As its name suggests, depressive symptoms scales measure “depressive symptoms” and as such do not provide a clinical diagnosis. A clinical interview would be necessary to provide definitive confirmation of whether a depressive disorder is present. However, recent evidence has shown that when compared to standardised diagnostic interviews, some depressive symptoms scales are reliable and valid instruments to identify depression, particularly for more severe cases (Löwe, 2004). We provide more information on these two methods below.  

1. Standardised diagnostic interviews: Interviews can either be structured (i.e. fully scripted) or semi-structured, which – along with standardised questions –also include some probing questions and rely on clinical judgement to make a diagnosis. They are designed to be administered by clinicians or trained ‘lay’ interviewers. Examples include the Composite International Diagnostic Interview (CIDI), the Diagnostic Interview Schedule (DIS), and the Structured Clinical Interview for DSM (SCID).  

Standardised diagnostic interviews are often considered the ‘gold standard’ for depression diagnosis in clinical psychiatry research (Levis, 2018). However, they take time to conduct (45 mins – 2 hours) and require extensive training, making them expensive and often not feasible to use in low-resource settings.  

2. Depressive symptoms scales: These tools ask about the number, type, and severity of symptoms. These are often self-administered, and are simpler and quicker to implement.  

There are at least 280 depressive symptom scales to measure depression, each of which was developed for different settings and purposes (Santor, 2009). For example, some scales were developed to assess severity of symptoms or monitor progress during treatment in already diagnosed individuals, while other scales can be used as screeners for depression in general population settings. Table 2 provides some examples of the most widely used tools in mental health research. 


Table 2. Examples of Depressive Symptoms Scales



Other versions 

Age range 


Patient Health Questionnaire (PHQ-9) (Kroenke et al., 2001)




- PHQ-8: omits item on suicidality 

- PHQ-A: modified version for adolescents 

- PHQ-2 

≥12 years  



Revised Child Anxiety and Depression scale (RCADS-25) (Chorpita et al., 2000)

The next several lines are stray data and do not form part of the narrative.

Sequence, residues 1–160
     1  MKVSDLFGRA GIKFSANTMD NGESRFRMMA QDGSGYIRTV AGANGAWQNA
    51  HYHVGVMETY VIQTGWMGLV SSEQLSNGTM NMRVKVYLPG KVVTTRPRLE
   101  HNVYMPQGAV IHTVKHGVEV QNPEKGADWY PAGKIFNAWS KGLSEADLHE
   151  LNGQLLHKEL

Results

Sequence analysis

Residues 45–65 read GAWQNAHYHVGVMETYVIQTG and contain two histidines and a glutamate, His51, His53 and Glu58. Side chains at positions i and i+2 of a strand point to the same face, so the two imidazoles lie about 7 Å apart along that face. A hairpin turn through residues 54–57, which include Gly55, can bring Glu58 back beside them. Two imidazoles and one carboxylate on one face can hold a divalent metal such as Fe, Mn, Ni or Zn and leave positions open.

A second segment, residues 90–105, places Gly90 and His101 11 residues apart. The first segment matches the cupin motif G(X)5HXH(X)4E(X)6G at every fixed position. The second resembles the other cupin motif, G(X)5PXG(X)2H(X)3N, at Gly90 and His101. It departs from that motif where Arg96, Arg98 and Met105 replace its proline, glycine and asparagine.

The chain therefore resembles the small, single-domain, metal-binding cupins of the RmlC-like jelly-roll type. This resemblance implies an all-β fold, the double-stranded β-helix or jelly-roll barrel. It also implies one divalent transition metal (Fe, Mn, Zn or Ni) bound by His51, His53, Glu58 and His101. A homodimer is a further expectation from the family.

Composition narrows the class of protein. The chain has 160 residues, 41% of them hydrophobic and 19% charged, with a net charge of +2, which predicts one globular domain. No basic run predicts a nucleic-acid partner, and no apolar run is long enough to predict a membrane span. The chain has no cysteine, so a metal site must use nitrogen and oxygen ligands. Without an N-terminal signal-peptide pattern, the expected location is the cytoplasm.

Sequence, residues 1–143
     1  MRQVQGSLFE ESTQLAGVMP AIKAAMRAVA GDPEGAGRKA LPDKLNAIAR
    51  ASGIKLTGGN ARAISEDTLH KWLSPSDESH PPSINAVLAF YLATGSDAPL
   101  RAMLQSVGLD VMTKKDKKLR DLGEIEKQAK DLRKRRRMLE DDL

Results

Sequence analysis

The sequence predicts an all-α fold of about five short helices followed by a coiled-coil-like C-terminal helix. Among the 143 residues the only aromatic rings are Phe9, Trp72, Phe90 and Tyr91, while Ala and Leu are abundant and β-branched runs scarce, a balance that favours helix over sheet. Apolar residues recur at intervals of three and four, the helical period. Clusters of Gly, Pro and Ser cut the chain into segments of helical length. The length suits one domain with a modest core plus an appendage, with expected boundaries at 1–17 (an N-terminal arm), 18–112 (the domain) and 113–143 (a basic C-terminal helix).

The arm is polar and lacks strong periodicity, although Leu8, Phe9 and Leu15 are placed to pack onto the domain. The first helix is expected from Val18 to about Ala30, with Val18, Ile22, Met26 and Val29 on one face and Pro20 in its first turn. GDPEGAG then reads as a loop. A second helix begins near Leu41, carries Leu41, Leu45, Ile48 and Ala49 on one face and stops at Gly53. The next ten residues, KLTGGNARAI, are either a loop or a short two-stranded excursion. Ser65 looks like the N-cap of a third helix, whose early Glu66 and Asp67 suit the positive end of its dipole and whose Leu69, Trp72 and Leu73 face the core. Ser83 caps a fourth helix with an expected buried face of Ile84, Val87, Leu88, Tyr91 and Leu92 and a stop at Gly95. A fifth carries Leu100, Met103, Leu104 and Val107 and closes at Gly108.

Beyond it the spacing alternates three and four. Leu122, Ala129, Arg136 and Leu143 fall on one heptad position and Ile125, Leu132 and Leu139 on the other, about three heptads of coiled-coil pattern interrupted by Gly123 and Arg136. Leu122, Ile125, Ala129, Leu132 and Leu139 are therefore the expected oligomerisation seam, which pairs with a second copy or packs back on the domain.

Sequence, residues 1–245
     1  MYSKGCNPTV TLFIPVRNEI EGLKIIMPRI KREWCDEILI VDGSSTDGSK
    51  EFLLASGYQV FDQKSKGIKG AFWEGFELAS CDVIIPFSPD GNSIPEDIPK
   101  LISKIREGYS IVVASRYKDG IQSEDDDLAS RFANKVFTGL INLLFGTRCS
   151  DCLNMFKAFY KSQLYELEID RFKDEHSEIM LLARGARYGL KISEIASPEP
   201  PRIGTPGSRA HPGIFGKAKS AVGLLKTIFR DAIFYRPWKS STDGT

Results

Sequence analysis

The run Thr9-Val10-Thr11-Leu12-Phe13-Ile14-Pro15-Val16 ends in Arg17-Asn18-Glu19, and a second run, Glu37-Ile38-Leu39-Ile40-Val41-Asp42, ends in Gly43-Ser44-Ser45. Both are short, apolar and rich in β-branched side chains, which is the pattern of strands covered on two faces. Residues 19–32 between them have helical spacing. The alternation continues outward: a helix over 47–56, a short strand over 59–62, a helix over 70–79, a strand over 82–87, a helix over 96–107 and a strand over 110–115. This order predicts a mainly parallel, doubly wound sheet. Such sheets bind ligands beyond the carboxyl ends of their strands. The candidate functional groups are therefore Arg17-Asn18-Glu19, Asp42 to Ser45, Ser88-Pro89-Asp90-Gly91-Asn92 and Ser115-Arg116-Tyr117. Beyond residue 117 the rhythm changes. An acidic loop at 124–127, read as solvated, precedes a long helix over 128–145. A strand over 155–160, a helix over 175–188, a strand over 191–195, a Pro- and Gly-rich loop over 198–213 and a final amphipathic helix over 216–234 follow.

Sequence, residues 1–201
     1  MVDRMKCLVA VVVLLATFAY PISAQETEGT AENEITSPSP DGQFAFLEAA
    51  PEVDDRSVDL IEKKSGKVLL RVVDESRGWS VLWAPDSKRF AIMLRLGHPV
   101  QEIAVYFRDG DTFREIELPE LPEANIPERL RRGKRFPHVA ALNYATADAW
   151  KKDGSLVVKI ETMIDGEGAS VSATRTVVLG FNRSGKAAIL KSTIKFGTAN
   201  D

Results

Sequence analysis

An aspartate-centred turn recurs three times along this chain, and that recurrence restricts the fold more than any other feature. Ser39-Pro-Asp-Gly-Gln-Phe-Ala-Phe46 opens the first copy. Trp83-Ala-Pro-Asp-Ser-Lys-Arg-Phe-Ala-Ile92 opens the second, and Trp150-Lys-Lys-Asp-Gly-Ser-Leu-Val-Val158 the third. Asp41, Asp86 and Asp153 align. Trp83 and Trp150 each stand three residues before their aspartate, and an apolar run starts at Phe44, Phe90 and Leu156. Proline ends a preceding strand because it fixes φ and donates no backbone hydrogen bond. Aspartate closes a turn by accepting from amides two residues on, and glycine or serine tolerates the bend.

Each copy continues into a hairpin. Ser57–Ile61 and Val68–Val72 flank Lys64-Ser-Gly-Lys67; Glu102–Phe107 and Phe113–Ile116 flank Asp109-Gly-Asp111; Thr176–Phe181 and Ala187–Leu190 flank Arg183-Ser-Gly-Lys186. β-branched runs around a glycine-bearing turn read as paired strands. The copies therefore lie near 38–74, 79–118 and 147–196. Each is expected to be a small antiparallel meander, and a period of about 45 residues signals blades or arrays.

- Low mood subscale (10-items) 

8–18 years 

Free (user must read and agree to the terms of use)  

Center for Epidemiological Studies Depression (CESD) (Radloff et al., 1977)



- Short version: CES-D-10 

≥13 years 


Depression Anxiety Stress Scales (DASS) (Lovibond et al., 1996)


  • Short version: DASS-21 

≥17 years 

Free (yet DASS manual costs US$55.00)  

Beck Depression Inventory (BDI) (Beck et al., 1961) 


- Updated version: BDI-II 

- Short version: BDI-13 

≥13 years 

Available for purchase 

Children’s Depression Inventory 2 (CDI-2) (Kovacs., 2015)



- CDI 2 Short (12-items) versions to be completed by parents and teachers about a child are also available 

7–17 years 

Available for purchase 

The appendix below includes the specific scales (only for those that are freely available), as well as additional information about scoring and copyright.  

Best Practices

1. Ethical considerations  

Several ethical issues may arise when measuring depression in a research study, particularly when a severe case for depression is detected. The following steps are recommended to minimise ethical issues: 

a) Develop a risk management protocol in advance. The risk management protocol should outline the procedures that will be used to ensure participants’ safety, as well as the relevant personnel that will be responsible for implementing and overseeing these procedures. An appropriate referral system for any participant that shows an indication of being severely depressed and/or suicidality must be in place. Researchers should engage with local service providers (e.g. social workers, psychologists, psychiatrists) to ensure that the risk management protocol is feasible and comprehensive.